Concern arises after bill addressing bail, passes in the Senate
DELAWARE – With the recent senate passing of Senate Bill 7, concerns are on the rise in the Delaware community, more specifically in the black and brown community.
SB 7 would prevent those accused of violent crimes from being released before their trials, unless they can hand over a hefty cash bail. We’re told the bill aims to continue keeping the community safe, by keeping defendants up for trial in jail. For those committing class A felonies like murder and rape, members of the community say it’s a good idea.
Now for those who have already served time for previous crimes not involving rape or murder, some are asking is this fair? “You cannot treat a person as if they’re guilty just because of a previous offense,” says Chair of the NAACP Delaware branch, Lachelle Paul. She adds, “Is it just, if they end up going to court and then they’re found innocent? You can’t give a person their time back. You can’t give a person back their time with their family.”
Some concerned community members bring up the point, if someone has served their time for a previous crime that doesn’t involve murder or other heinous crimes, they don’t think someone should sit in jail without a conviction. “It’s going to be the black and brown communities that don’t have the money to pay for these bails and then we’re the ones sitting in jail for years,” says David Williams Jr, a community activist and previous candidate for state governor.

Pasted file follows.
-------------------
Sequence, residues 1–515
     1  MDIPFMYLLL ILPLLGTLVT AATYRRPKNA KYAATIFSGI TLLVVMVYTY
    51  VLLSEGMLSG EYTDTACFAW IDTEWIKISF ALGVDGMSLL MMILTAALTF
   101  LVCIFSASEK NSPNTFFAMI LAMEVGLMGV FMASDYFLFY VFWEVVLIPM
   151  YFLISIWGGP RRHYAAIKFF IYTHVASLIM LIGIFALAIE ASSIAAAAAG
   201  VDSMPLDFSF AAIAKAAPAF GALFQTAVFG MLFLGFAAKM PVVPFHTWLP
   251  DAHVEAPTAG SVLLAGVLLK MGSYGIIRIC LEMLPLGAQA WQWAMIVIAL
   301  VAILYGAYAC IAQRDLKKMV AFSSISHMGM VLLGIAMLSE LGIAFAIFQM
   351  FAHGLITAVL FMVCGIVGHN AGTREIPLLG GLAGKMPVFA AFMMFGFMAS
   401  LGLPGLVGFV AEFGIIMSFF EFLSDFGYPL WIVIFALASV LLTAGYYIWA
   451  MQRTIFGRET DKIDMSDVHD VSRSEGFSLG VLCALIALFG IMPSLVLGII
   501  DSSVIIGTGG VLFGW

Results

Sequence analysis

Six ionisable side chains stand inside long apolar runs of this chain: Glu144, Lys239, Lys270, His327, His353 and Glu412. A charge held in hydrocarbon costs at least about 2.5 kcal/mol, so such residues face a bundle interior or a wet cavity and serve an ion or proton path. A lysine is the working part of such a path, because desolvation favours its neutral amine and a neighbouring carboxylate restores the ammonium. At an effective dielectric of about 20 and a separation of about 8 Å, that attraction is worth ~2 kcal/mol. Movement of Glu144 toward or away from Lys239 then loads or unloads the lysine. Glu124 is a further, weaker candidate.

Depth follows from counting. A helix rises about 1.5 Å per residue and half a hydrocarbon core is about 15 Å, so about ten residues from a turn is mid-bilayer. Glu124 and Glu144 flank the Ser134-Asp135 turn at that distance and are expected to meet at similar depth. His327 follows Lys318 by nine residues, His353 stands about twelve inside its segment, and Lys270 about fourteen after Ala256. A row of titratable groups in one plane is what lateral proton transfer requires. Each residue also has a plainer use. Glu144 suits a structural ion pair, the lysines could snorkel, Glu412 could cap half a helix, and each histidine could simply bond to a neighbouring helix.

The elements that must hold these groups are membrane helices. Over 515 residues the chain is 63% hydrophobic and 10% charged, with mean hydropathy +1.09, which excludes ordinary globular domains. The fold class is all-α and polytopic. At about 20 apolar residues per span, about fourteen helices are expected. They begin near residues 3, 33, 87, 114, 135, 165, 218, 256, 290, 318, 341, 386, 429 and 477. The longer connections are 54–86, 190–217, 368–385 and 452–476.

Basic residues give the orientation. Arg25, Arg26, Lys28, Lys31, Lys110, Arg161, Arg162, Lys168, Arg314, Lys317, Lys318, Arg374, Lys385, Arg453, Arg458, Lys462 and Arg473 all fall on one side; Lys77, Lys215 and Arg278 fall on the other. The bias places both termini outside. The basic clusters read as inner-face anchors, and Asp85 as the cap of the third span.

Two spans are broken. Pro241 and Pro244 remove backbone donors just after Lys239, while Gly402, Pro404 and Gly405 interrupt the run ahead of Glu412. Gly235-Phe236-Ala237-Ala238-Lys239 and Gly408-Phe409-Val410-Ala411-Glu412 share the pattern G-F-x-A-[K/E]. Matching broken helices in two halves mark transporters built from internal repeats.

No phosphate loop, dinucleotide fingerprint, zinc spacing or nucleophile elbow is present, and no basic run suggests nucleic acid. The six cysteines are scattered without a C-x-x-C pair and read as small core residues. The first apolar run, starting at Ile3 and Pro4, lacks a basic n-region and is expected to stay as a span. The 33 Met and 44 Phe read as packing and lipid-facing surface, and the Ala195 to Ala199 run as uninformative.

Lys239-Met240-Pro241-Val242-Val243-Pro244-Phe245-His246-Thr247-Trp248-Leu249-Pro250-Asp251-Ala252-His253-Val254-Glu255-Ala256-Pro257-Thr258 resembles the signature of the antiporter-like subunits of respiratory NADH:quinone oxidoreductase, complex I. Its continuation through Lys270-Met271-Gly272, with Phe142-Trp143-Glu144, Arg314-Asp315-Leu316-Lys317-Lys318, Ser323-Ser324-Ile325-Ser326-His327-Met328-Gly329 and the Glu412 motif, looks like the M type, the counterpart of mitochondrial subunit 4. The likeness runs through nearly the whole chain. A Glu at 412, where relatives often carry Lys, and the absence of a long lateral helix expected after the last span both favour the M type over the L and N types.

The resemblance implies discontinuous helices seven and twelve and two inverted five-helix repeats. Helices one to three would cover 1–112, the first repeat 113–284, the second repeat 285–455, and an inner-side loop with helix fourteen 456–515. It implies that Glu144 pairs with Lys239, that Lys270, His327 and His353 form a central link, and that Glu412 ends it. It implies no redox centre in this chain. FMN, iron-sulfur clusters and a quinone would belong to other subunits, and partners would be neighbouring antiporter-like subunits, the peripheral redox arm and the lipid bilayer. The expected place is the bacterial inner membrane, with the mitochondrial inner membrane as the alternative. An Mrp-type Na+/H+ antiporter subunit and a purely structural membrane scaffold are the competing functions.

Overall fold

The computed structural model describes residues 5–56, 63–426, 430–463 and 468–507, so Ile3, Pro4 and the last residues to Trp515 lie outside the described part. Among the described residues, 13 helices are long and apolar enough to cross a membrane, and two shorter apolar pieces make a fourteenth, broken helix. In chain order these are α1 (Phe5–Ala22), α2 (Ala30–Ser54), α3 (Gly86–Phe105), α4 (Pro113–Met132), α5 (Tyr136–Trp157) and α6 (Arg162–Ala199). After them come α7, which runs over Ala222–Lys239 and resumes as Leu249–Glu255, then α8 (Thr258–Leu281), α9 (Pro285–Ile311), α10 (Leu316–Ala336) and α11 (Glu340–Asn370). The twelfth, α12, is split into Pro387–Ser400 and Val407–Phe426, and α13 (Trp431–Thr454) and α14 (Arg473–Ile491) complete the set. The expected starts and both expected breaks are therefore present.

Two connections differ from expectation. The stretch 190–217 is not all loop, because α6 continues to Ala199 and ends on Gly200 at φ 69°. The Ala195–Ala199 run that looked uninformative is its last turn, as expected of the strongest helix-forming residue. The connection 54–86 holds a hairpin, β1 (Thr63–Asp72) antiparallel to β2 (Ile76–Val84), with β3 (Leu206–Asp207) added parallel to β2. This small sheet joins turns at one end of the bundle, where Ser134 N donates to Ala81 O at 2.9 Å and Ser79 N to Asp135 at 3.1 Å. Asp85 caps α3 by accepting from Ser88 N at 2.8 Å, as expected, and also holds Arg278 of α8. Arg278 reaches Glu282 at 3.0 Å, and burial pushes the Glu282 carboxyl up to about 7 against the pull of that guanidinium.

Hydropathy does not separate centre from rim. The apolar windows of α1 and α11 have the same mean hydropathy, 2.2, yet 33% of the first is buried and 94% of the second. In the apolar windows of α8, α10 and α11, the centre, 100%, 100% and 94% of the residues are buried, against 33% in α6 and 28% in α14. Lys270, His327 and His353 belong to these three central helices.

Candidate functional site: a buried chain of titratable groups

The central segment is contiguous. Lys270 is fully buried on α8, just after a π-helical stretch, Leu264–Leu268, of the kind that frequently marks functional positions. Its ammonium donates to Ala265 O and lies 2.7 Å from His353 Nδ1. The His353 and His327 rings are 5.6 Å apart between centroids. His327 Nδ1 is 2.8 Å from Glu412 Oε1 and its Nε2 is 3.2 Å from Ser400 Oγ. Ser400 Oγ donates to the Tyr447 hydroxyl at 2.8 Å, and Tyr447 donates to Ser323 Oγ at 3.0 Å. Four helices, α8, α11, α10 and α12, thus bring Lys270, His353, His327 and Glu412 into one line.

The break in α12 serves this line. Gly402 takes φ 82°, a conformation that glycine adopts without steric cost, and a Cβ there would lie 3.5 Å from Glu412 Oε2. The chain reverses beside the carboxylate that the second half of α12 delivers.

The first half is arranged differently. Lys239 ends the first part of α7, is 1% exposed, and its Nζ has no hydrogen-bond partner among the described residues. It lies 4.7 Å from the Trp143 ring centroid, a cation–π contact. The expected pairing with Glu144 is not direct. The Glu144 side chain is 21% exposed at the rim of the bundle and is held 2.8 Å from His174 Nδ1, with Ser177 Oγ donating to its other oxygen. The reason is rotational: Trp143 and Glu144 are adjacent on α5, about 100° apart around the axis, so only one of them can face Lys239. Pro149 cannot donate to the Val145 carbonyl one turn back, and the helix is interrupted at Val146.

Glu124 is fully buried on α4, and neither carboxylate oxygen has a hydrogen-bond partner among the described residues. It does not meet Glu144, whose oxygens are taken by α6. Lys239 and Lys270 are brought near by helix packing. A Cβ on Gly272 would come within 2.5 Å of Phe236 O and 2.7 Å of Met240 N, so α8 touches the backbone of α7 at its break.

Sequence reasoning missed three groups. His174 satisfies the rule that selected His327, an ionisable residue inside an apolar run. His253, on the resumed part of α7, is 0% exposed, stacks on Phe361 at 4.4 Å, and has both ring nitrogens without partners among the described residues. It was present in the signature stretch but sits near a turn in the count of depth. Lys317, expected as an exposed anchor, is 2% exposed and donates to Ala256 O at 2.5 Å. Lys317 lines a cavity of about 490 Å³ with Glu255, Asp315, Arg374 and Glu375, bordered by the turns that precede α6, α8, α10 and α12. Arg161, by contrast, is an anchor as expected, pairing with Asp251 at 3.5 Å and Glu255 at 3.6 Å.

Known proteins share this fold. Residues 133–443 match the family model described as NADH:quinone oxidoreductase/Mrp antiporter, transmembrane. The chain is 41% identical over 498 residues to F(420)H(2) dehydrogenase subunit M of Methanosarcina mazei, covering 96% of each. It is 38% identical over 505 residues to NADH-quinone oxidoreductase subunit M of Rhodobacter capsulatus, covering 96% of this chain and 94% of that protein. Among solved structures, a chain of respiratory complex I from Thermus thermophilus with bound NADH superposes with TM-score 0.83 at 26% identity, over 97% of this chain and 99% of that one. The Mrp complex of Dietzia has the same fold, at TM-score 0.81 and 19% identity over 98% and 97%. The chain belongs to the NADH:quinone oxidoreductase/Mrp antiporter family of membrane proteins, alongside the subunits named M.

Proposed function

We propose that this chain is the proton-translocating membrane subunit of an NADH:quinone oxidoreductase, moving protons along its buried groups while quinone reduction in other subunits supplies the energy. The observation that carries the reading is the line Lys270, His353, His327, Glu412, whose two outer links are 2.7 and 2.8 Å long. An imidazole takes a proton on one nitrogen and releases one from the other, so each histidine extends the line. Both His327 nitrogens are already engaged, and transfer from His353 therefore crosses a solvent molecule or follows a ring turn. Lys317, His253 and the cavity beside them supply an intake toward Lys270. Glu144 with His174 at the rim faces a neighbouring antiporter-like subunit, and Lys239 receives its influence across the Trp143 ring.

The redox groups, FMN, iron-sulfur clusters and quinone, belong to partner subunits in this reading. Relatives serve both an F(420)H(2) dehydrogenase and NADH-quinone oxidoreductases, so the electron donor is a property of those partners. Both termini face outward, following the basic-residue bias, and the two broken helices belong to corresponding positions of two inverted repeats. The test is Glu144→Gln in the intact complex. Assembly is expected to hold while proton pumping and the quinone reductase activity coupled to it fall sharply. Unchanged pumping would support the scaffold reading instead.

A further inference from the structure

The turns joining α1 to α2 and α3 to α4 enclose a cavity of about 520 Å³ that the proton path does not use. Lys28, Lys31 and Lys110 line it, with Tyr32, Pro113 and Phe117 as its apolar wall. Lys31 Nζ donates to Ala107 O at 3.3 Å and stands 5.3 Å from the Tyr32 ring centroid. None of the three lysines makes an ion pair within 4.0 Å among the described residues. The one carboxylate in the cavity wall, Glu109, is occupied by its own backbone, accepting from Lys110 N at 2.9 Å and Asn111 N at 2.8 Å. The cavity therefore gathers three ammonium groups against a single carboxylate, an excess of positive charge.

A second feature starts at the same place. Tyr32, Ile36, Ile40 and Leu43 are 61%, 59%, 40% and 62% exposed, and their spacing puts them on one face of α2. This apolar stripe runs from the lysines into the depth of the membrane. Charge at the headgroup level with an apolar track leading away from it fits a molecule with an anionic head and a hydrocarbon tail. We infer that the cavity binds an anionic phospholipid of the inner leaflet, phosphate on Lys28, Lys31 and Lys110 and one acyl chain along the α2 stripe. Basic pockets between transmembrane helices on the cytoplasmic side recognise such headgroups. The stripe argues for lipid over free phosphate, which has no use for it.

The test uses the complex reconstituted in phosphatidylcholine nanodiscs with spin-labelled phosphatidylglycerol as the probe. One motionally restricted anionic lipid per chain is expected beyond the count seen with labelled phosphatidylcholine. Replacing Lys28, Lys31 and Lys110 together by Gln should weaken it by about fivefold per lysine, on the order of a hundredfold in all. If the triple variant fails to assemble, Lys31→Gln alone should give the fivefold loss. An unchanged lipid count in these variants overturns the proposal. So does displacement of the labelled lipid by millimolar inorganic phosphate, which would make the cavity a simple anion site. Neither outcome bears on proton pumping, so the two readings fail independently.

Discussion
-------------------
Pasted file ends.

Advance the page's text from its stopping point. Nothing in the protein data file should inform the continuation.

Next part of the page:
We reached out to the state department of corrections on this, which they provided a comment stating, “The Delaware Department of Correction supports the public policy objective of this legislation to protect the public safety. We expect that enactment of this legislation would increase the pre-trial detentioner population in DOC facilities. DOC’s incarcerated population is down more than 25% over the past five years and our facilities maintain the capacity to accommodate an increased detentioner population.”
However, a Williams tells us, he doesn’t think it’s fair. “You’re supposed to be innocent until prove guilty, but it’s almost like we’re guilty and then we have to prove our innocence,” says Williams.
Although the bill is making it’s way to the governor’s desk, those we spoke with say, it’s time for community members and others to bring awareness to the negativity that comes with this bill. “We have to continue to keep fighting. Like John Lewis said, if we see something wrong, we have a moral obligation to try to fix it,” says Williams.
Paul says she agrees with keeping residents safe by keeping some criminals off the streets. However, she tells us for those who have done their time and paid their dues to society, keeping them in jail will do more harm then good. She says there could be other avenues such as house arrests and probation officers for those awaiting trial.
Now as of today, the bill has been assigned to the Judiciary Committee in the house.